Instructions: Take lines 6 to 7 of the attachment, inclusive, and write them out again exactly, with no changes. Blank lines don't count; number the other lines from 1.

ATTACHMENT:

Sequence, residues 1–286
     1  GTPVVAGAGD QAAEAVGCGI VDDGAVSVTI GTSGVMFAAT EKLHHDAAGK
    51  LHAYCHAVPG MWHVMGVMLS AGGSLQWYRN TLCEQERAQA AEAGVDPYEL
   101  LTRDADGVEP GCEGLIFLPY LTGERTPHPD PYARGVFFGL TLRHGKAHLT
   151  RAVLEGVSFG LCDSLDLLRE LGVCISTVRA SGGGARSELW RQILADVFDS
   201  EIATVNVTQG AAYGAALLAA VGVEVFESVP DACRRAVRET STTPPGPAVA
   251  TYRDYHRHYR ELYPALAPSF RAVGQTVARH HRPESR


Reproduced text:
   201  EIATVNVTQG AAYGAALLAA VGVEVFESVP DACRRAVRET STTPPGPAVA
   251  TYRDYHRHYR ELYPALAPSF RAVGQTVARH HRPESR